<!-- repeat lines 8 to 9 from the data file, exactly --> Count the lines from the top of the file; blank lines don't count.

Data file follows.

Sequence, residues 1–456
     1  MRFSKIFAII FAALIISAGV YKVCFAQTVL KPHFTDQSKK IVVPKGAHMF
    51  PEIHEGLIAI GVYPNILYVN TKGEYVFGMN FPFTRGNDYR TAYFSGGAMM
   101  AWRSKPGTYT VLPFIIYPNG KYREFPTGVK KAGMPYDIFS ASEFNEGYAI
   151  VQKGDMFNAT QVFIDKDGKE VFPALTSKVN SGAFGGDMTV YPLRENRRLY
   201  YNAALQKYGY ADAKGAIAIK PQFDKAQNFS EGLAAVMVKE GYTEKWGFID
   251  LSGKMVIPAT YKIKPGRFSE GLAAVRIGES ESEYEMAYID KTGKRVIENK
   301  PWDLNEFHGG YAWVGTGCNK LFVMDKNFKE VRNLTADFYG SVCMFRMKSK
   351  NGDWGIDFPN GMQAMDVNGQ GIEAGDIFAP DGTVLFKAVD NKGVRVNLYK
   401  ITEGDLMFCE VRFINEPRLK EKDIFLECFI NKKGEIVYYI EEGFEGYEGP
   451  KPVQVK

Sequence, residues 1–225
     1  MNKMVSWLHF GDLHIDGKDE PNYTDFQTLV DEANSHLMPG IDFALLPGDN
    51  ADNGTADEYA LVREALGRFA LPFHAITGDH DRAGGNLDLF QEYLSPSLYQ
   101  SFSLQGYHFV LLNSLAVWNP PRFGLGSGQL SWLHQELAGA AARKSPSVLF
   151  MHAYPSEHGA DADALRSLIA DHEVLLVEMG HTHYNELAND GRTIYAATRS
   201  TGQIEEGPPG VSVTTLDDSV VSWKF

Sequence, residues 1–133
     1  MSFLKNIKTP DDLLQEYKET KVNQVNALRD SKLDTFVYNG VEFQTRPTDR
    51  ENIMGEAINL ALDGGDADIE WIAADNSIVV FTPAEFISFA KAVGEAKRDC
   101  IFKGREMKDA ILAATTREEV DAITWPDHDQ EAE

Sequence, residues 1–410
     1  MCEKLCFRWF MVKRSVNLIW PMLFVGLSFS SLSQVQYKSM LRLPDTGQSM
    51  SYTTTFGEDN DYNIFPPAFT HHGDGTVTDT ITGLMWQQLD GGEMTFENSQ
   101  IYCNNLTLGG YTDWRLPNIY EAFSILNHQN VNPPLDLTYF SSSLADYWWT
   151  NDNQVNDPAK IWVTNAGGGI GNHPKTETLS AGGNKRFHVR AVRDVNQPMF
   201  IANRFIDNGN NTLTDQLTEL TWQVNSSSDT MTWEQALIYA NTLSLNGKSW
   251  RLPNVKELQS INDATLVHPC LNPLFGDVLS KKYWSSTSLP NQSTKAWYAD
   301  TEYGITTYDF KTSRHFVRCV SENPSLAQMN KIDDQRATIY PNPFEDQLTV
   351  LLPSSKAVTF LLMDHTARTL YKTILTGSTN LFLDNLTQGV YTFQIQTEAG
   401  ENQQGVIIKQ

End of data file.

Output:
   301  PWDLNEFHGG YAWVGTGCNK LFVMDKNFKE VRNLTADFYG SVCMFRMKSK
   351  NGDWGIDFPN GMQAMDVNGQ GIEAGDIFAP DGTVLFKAVD NKGVRVNLYK